GettyWhen it comes to the provision of 5G equipment, Nokia and Ericsson are seen as the major beneficiaries of Huawei's blacklisting by the U.S. government, just as Samsung and Apple should benefit on the smartphone front. Now the CTO of rival Nokia has come out and applied further pressure to the underfire Shenzhen manufacturer, warning on the security risks with Huawei's technology and slamming unfair Chinese business practices of the past. Update: After this article was published, Nokia issued a statement to disown the comments from its CTO
"It's fairness returning to the market," Nokia's chief technology officer Marcus Weldon told the BBC. "We were disadvantaged in the past relative to the practices that the Chinese were allowed to have in terms of funding mechanisms." In addition to alleged links to the Chinese state opening up security concerns, there have long been accusations of state subsidies, soft loans and access to large procurements in the home Chinese market for Huawei and stablemate ZTE. On the security front, Weldon referred to analysis suggesting Huawei equipment was far more likely to have vulnerabilities than technology from Nokia or Ericsson. "We read those reports and we think okay, we're doing a much better job than they are," Weldon said, describing Huawei's failings as serious and claiming Nokia's alternatives to be a safer bet. "Some of it seems to be just sloppiness, honestly, that they haven't patched things, they haven't upgraded. But some of it is real obfuscation, where they make it look like they have the secure version when they don't."
A week ago, Bloomberg reported on the opportunity Huawei's troubles represented for Nokia and Ericsson, writing that "publicly, executives from Nokia and Ericsson have been careful not to come off as critical of Huawei. Both manufacture in China and sell gear to Chinese phone carriers, and Nokia has a big research and development presence there." The comments from Nokia's CTO came in light of research from Finite State, which published a scathing report claiming that "Huawei devices quantitatively pose a high risk to their users. In virtually all categories we examined, Huawei devices were found to be less secure than those from other vendors making similar devices." And this included the potential backdoors that lie at the heart of the U.S. government's security case against the Chinese company. "Out of all the firmware images analyzed, 55% had at least one potential backdoor," Finite State found. "These backdoor access vulnerabilities allow an attacker with knowledge of the firmware and/or with a corresponding cryptographic key to log into the device."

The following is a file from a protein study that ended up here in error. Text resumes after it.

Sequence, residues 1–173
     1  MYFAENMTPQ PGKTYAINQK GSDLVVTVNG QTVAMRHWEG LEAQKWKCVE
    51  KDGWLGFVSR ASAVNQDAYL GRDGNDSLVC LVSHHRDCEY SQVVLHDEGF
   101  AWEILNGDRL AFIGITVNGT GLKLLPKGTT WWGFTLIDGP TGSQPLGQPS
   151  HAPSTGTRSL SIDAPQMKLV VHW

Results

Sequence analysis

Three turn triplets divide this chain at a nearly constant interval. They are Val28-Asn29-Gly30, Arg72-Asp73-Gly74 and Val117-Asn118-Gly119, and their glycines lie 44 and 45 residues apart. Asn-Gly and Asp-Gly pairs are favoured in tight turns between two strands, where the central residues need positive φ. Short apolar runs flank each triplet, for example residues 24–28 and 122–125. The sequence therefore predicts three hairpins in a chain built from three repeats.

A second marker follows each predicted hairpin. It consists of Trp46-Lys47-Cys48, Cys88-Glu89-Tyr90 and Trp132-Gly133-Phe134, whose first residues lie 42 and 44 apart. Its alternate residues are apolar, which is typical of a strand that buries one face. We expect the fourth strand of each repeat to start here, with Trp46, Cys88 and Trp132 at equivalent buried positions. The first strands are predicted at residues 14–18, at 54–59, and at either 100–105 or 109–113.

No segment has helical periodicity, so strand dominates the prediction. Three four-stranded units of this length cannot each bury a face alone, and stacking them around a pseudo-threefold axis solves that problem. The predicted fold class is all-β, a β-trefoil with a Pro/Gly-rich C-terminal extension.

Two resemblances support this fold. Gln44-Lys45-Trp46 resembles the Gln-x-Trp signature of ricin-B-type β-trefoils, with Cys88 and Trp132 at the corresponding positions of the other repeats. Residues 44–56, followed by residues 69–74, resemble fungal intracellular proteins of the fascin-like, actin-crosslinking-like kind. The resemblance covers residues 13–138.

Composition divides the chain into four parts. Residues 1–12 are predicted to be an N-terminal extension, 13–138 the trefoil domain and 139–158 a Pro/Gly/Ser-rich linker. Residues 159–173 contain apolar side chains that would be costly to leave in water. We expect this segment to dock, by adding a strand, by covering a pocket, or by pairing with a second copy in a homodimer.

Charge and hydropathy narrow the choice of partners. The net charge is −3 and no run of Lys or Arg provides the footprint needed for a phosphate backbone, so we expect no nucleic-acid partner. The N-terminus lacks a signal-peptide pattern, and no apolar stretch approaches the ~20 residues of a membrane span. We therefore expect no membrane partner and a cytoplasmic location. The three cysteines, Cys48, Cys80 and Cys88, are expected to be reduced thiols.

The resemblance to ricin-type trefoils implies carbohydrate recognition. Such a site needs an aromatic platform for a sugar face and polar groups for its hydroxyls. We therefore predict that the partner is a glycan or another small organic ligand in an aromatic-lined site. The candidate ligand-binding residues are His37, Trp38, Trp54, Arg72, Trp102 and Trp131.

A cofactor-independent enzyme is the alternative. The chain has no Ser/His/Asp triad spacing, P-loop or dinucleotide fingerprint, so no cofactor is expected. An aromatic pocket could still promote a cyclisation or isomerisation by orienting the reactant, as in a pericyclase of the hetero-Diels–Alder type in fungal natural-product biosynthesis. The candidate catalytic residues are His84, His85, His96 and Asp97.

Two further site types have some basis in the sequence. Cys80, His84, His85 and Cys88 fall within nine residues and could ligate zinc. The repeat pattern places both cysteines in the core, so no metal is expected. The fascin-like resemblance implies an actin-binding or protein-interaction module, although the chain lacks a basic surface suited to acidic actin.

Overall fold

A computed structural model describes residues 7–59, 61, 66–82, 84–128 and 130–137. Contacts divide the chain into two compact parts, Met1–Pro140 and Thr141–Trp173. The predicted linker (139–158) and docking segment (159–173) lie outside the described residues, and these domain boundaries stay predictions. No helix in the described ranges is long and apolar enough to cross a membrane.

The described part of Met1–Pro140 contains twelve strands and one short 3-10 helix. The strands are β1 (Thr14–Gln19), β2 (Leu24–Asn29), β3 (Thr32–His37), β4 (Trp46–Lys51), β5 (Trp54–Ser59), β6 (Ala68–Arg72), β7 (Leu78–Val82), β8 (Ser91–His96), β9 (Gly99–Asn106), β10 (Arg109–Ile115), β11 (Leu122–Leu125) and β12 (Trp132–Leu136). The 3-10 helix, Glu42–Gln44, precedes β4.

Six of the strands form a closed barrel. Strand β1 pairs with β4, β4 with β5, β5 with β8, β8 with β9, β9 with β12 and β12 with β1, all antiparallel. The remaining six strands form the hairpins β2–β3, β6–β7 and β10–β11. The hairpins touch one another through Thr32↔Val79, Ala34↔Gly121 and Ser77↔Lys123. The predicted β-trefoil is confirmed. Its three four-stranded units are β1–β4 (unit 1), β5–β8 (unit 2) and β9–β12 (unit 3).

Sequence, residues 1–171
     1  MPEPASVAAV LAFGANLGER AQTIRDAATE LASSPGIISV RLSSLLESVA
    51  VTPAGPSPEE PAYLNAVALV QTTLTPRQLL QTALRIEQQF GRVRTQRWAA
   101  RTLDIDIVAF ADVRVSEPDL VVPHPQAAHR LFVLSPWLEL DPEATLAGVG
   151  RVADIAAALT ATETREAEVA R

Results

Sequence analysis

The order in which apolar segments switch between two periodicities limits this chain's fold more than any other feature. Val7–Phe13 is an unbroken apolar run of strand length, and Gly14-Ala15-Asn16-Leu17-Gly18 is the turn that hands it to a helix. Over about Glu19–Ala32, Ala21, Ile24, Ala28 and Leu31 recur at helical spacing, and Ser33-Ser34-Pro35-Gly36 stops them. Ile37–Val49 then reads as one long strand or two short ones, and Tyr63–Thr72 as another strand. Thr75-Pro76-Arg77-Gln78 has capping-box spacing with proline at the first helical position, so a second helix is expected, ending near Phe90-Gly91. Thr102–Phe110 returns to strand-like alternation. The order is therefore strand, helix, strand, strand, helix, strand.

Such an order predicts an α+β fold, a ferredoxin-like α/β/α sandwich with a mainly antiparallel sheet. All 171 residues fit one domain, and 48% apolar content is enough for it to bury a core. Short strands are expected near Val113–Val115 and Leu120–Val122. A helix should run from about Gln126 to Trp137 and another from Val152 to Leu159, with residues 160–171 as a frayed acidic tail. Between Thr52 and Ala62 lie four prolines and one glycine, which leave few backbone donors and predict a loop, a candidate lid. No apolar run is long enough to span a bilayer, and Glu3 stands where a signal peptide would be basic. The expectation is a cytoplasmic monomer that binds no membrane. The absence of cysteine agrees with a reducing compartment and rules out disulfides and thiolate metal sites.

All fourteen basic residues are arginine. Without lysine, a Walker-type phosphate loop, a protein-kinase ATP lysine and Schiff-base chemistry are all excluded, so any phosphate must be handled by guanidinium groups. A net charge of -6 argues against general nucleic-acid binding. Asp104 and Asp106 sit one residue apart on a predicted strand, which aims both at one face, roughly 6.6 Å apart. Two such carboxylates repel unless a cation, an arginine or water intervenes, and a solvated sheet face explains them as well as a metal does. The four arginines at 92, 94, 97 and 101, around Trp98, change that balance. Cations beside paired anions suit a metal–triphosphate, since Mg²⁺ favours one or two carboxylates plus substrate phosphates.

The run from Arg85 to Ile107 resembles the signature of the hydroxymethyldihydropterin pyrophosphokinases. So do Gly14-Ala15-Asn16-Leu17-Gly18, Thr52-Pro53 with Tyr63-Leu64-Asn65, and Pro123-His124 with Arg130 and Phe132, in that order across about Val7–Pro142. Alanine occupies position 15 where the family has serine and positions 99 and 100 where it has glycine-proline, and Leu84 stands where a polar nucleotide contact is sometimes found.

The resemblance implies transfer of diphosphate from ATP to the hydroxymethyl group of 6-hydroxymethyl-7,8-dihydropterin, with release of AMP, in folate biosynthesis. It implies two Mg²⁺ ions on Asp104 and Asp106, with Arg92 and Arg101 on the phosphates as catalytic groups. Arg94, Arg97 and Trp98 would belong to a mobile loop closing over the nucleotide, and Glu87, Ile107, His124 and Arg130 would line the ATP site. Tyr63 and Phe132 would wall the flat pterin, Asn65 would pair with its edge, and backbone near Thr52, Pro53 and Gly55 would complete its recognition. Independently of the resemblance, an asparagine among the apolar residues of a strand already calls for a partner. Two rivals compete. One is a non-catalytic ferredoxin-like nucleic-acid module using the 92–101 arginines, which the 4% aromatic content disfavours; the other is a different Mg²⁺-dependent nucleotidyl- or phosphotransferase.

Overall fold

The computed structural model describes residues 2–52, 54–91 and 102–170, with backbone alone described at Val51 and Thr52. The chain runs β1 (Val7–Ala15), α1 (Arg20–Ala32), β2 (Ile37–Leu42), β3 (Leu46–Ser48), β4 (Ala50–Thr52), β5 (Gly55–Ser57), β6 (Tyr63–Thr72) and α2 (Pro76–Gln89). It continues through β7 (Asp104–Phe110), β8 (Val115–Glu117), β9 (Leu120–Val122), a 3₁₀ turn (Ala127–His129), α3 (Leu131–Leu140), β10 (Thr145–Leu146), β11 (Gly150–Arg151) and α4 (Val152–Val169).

"Overall, despite Huawei’s claims about prioritizing security, the security of their devices appears to lag behind the rest of the industry. Through analysis of firmware changes over time, this study shows that the security posture of these devices is not improving over time—and in at least one case we observed, it actually decreased. This weak security posture, coupled with a lack of improvement over time, obviously increases security risks associated with the use of Huawei devices." Responding to the report, a Huawei spokesperson said "we are currently not in a position to comment on the objectiveness and integrity of the report. Huawei welcomes any fact-based and well-intentioned suggestions that help ensure network stability. The more people who oversee and check Huawei's products, the more likely we are to accurately identify potential issues, making our products more secure. Huawei takes cyber security very seriously and has made it our top priority."
On the subject of potential backdoors, the spokesperson told me that "we have not and will never implant backdoors. In addition, we will never allow anyone to do so in our equipment. Cybersecurity is a technical issue that should be addressed through technical means. We will carefully analyze the report, and proactively and openly engage with the relevant parties regarding it. We welcome in-depth communication between Finite State and Huawei's in-house security experts." Despite the U.S. blacklisting and continued security speculation, Huawei's 5G business appears to be in strong shape. This week, the company claimed to be leading its rivals with more than 50 5G contracts secured outside of China and more than 150,000 base stations sold in the process—however, CNN has reported that Nokia is now winning more 5G customers than Huawei.
The Chinese company has also reported this week that sales of its flagship P30 smartphones hit 10 million units in 85 days, faster than the predecessor P20 managed and a quarterly sales record. Even so, the company has acknowledged that the U.S. action will wipe $30 billion from its revenue line in 2019, reversing a decade of uninterrupted growth. Nokia's CTO was commenting ahead of the U.K. battleground between Washington and Huawei reigniting once a new prime minister is installed next month. There is widespread speculation that the decision made by Theresa May to allow Huawei into parts of the U.K. network may be reversed to line up with the U.S. position.
Europe’s biggest phone company identified hidden backdoors in the software that could have given Huawei unauthorized access to the carrier’s fixed-line network in Italy, a system that provides internet service to millions of homes and businesses, according to Vodafone’s security briefing documents from 2009 and 2011 seen by Bloomberg, as well as people involved in the situation.".
“We need clear political leadership," British MP Bob Seely said this week, ahead of the two candidates—Boris Johnson and Jeremy Hunt—being pressed on the issue. "I want the candidates to assert the importance of our own western values, the importance of open and free societies and to exclude Huawei."